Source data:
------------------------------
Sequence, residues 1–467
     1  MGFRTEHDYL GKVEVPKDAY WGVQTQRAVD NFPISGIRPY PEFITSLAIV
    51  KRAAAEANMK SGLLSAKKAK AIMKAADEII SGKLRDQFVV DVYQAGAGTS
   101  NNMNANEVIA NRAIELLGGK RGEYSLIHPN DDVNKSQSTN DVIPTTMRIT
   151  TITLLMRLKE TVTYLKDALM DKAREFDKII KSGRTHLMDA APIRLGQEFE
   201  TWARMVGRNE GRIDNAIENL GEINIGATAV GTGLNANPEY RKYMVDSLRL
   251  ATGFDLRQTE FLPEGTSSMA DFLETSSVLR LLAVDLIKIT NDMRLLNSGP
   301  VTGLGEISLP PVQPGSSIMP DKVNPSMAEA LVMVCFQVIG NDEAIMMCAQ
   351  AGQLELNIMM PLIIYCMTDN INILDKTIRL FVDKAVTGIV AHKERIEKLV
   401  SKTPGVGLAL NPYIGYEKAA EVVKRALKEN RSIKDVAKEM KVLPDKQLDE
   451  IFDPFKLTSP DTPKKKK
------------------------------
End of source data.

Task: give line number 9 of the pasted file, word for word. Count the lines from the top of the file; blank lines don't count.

   351  AGQLELNIMM PLIIYCMTDN INILDKTIRL FVDKAVTGIV AHKERIEKLV